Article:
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red in her pee
red in her pee  
Dear Miss Dana, apologies if im sounding like it's the end of the world,
but this is the fifth time it has happened.

rabbit peed (please see photo) and there is this BRIGHT red patch (you can tell, from pic) in her pee, and dries up dark brown. It has happened four times, intervals of about 2 weeks each (4 times in past 2 months).
My mom rushed her to the vet (it's physically inconvenient for me to move out of the hse, esp these months), the vet simply wrote on paper "I cannot tell from the cloth what the patch is. But I listened to her heart, she seems fine." For these 2 statements, the vet collected a full fee from me...Im not worried about cost, just that I dont wanna risk losing the rabbit (if she has cancer, and the Vet failed at her job) just because someone was feeling irresponsible at her work, that day.

I tried calling them again, but they refused to attend to me.

Apologies...I understand how this site has stressed over and over again that serious cases need Vet's attention... but I did. I did send her to her usual vet, but they are extremely nonchalent this time.

It would help to EVEN add a few facts, to even help me with the situation more:
1) vet could have told me if this SOMETIMES happen, so as to help me understand.
2) and/or also let me know what signs to look out for, if rabbit is really potentially developing cancer..

Im sorry to be posing you this question, while in the first place we've already been responsible and paid for help.

But if you are able to share your understanding, could you help me:

1) I know no one can identify the patch - but i am SURE to say a) it dries up brown. b) it happened five times. We stopped her carrot intake btw... and it's just hay and green veg. She's not eating as well as before. But still pooping much, twice a day. (tho not as much as before..) ..based on what I shared, do you think you can add on to my understanding, as to what POSSIBLY might be the patch?

2) she's 2 years 8 months. not spayed. how can i red-flag it, IF REALLY she's having cancer... what signs?

3) If I have to bring her back to vet again, could you please tell me what I can look out for:
do we do an xray?
take blood samples?
Vet asked me to bring her pee, to be tested, if i am really worried. but her normal ones do not contain red patches, and the only way we really know is WHEN pee is on cloth...then we see the red.

mom DID bring the cloth to Vet, but because it is on cloth - testing cannot be done? I dont know how else to 'bring the red' to the vet besides on the cloth... because the other times, her pee is fine.  

hope you can share your understanding and experience. As for me.. we even brought her to the Vet already... i feel like theres nothing else I can do for her if the Vet does not want to help. im only hoping we wont lose her, just because the vet was out to con money, and refuse to proper treat.

Distressed,
Julianne

Answer
Dear Julianne,

The color of the patch really does look like dilute blood.  Please find a good rabbit vet here:

http://www.rabbit.org/vet

via the international listings, or contact the Singapore Rabbit Rescue group for a referral:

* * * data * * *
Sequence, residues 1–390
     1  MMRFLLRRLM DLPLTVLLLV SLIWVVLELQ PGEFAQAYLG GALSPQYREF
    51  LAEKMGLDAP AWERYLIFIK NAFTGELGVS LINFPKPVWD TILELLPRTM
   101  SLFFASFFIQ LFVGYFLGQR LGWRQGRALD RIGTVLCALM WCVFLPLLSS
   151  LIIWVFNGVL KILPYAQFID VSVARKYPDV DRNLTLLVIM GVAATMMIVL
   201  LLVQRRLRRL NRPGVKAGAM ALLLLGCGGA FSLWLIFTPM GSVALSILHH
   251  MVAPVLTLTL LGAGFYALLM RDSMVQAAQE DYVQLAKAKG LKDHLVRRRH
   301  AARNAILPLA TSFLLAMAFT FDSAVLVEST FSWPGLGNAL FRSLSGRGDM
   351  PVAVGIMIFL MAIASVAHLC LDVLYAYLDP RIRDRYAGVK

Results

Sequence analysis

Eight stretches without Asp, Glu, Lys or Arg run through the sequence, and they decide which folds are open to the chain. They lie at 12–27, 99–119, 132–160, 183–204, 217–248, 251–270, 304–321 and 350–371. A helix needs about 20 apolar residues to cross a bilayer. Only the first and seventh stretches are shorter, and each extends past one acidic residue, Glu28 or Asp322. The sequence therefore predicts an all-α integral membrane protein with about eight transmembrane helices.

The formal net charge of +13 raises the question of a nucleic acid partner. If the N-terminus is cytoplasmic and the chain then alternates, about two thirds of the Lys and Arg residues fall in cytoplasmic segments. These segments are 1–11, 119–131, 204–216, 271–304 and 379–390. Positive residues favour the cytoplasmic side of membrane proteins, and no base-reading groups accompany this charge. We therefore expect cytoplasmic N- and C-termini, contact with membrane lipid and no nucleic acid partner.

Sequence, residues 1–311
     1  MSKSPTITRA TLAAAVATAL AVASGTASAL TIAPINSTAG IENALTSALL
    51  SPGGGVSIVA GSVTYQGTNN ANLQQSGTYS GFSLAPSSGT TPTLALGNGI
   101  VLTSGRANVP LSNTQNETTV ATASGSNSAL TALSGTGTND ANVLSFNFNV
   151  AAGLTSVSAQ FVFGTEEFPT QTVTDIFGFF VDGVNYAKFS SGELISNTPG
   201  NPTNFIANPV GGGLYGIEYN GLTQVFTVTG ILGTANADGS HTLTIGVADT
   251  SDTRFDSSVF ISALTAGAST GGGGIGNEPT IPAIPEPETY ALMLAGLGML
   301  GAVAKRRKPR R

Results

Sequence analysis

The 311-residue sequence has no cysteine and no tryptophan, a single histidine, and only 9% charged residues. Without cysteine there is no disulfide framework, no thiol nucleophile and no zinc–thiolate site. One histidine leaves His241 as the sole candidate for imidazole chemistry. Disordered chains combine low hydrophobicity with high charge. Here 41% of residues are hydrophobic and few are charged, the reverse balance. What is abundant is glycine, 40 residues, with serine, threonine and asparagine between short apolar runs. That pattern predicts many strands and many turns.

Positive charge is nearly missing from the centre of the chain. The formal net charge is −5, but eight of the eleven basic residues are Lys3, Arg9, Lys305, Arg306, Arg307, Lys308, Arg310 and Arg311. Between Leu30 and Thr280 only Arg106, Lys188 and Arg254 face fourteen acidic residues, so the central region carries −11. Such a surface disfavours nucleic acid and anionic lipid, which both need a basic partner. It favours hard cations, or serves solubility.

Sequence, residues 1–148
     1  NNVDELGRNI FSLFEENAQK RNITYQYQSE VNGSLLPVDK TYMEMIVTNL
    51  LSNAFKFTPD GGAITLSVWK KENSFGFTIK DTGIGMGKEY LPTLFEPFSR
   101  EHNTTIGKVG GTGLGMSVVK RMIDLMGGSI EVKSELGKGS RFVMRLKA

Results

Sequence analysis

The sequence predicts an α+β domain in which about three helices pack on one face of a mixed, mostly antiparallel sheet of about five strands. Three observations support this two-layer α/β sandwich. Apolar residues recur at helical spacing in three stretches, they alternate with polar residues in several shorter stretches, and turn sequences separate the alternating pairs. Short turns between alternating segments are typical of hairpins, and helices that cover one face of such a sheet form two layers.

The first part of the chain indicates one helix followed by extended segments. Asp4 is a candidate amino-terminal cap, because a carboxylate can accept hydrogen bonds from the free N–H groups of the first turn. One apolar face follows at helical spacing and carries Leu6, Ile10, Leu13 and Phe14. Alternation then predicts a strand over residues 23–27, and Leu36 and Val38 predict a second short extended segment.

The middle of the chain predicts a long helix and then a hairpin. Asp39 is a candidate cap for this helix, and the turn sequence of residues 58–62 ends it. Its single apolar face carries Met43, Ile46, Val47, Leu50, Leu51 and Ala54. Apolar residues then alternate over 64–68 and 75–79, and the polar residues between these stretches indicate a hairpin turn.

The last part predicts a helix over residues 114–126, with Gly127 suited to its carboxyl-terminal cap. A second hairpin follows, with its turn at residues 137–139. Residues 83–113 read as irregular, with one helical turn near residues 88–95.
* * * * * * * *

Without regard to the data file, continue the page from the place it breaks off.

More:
http://www.hrss.net/

I would not wait any longer to have her spayed; the apparent blood in the urine is reason enough to take the precaution of having her spayed, as it is a big red flag for a uterine neoplasia (cancer).  If the vet judges her a good candidate for surgery, I would have her spayed NOW.

I hope this helps.

Dana

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Dana Krempels, Ph.D.

Expertise

I've lived with companion rabbits for more than 35 years, and consider them members of my family. I can answer any questions about the biology and health of rabbits, from the commonplace to the unusual. But please note:

RULE #1:
THE INTERNET IS NOT THE PLACE TO SEEK HELP IN AN EMERGENCY.

...it is an EMERGENCY.

Find a rabbit vet at www.rabbit.org/vet for immediate help, and don't risk your bunny's life by spending time asking questions online! If you can't get in touch with your vet, read these Emergency Sick Bunny Instructions.

If you have found a wild baby rabbit, please read these EMERGENCY INSTRUCTIONS FOR WILD BABY RABBITS and then use this link to FIND A LOCAL WILDLIFE REHABILITATOR who can give you the right advice.


RULE #2:
Help me help you! Please make your subject line informative if you have an urgent question. then LET ME KNOW IN THE SUBJECT LINE so I can give your question highest priority over non-urgent questions. If you don't do this, then I can't guarantee timely assistance!

For all the best, most accurate rabbit health, care and behavior information, visit The House Rabbit Society.

Experience

I have been rescuing and rehabilitating domestic and wild rabbits for about 30 years. I have written articles for many rabbit rescue publications, as well as for the veterinary journal, Exotic DVM. I own EtherBun, the internet's largest listserve dedicated to health, care, and behavior of domestic rabbits.

Organizations
Houserabbit Adoption, Rescue, and Education, Inc. (H.A.R.E., Inc.) president National House Rabbit Society (Board member)

Publications
Exotic DVM
Warren Peace (Journal of the House Rabbit Society of Miami)
Various newsletters of the House Rabbit Society, nationwide

Education/Credentials
Ph.D - Biology
B.S. - Biology
B.A. - English

Awards and Honors
Lightspan Academic Excellence Award for web site on rabbit health and biology
(http://www.bio.miami.edu/hare)

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